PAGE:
Indians come forward with tales of physical and sexual abuse at missionary boarding schools
ROSEBUD RESERVATION -The day the Rev. Kenneth Walleman came to the front door, Lloyd “Sonny” One Star went to get his gun.
“I couldn’t keep my composure. I kept shaking,” One Star, 46, a leader of the Sioux tribe on this reservation, said. “I was going to kill him.”
Walleman was a former administrator at St. Francis Mission, the Jesuit boarding school One Star had attended through his youth, a priest, One Star says now, who sexually abused him for years.
Renae Morriseau is familiar as the character Ellen in the Canadian television series North of 60, but her accomplishments in broadcasting extend far beyond this visible role. In her determination to ensure that First Nations voices are heard and stories told, Renae’s career over the last dozen years has spanned acting, filmmaking, writing, and producing.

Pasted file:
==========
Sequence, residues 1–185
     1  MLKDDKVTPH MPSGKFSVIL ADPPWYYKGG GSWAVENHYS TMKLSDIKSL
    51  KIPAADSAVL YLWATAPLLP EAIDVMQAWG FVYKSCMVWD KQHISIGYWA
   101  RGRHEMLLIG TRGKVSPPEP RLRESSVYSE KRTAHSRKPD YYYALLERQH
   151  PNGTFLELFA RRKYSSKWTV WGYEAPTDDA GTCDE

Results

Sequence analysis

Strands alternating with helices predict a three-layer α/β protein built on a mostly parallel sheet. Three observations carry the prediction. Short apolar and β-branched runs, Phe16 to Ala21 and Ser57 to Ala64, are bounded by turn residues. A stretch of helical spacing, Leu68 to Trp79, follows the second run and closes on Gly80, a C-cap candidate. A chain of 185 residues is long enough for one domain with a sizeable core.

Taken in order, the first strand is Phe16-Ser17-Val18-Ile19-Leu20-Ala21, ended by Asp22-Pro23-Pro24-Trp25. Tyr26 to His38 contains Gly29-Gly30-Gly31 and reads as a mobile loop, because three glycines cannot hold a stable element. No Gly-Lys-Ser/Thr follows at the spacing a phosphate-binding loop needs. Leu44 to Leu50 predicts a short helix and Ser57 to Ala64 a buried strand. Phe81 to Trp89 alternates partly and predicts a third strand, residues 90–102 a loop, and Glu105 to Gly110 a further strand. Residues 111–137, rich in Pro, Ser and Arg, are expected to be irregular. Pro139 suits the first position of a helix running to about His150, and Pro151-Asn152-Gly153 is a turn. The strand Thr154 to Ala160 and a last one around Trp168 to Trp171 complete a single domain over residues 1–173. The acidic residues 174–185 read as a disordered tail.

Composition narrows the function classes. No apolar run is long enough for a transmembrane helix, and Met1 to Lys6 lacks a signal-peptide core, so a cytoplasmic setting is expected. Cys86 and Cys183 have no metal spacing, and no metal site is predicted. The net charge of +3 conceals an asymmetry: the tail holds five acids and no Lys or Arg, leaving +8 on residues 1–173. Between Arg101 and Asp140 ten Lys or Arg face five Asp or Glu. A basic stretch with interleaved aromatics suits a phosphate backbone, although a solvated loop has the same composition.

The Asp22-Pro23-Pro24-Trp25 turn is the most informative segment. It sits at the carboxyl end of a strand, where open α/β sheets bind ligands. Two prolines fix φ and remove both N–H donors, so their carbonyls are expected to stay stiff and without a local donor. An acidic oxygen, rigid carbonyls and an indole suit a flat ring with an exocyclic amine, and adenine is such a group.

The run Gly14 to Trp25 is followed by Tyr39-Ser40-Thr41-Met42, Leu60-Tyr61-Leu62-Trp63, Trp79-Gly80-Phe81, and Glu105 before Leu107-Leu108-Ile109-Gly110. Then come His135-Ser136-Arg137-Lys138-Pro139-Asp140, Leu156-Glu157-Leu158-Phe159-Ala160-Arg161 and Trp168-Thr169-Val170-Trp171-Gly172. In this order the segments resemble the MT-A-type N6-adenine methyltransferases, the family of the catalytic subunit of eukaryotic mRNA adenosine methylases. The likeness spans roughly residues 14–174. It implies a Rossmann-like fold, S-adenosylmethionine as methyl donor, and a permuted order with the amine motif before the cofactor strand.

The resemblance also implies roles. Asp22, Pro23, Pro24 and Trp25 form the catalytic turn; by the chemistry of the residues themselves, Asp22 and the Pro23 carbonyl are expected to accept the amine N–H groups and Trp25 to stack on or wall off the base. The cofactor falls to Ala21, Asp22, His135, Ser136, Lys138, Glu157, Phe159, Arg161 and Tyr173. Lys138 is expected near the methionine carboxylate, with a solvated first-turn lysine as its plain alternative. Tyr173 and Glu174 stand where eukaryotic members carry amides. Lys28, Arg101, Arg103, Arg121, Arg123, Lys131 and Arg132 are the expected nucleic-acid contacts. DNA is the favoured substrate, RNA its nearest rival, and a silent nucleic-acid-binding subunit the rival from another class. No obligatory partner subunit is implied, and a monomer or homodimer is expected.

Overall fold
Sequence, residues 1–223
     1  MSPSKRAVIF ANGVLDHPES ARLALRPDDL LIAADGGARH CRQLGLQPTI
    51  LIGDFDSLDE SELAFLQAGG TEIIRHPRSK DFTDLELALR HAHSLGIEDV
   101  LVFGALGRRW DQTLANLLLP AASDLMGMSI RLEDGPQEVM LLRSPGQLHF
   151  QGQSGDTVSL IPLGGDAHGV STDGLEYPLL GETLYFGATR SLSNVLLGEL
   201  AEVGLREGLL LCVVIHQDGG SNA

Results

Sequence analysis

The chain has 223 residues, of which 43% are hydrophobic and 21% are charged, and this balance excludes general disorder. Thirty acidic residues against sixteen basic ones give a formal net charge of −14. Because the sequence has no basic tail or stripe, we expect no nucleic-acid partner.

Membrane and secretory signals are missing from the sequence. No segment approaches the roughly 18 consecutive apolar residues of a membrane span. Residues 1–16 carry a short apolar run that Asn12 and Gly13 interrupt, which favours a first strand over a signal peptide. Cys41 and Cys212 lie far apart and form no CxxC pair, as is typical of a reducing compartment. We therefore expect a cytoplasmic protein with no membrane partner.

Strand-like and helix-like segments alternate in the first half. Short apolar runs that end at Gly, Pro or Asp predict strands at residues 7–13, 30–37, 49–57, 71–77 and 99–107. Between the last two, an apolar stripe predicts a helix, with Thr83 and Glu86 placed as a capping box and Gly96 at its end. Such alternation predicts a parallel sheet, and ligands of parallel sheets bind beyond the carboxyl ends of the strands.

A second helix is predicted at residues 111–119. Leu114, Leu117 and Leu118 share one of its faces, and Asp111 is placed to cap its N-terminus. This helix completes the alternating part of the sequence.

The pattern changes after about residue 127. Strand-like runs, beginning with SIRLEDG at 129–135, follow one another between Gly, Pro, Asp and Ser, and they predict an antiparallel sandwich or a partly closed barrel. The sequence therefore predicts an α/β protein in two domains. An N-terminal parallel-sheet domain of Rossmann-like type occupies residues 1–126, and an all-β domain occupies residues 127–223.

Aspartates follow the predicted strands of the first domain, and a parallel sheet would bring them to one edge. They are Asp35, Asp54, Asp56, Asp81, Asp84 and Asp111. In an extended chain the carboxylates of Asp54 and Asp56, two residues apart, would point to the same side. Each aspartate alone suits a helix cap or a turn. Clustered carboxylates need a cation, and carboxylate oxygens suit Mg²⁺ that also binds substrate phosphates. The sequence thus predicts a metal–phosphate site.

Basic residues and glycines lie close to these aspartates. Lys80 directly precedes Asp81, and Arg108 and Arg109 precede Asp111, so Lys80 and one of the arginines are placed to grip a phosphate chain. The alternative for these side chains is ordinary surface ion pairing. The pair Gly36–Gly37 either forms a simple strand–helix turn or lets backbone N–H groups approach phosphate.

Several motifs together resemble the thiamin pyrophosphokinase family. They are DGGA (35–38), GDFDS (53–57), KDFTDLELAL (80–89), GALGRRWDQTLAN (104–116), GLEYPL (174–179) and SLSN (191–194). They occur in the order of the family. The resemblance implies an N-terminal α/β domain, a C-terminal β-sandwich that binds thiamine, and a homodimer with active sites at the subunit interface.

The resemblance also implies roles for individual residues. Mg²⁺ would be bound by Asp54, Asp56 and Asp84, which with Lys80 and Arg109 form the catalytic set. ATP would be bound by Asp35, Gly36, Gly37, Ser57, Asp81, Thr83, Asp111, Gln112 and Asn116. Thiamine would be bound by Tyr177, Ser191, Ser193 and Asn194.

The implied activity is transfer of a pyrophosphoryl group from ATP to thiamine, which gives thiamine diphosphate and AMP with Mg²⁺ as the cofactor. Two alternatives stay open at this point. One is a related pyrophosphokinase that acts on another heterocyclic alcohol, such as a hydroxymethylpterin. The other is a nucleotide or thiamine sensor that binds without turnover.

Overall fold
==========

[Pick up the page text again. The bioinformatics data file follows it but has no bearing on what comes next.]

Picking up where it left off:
Ishi: The last Yahi Indian
At the quiet center stood a man. He never said his real name — to say it aloud to strangers would be unthinkable for a California Native American from the Yahi tribe — so he became known as Ishi, his people’s word for man. He spent almost 40 years living in isolation in the Mount Lassen foothills, one of the last dozen Yahi who hid themselves to avoid the white men who nearly wiped out their tribe.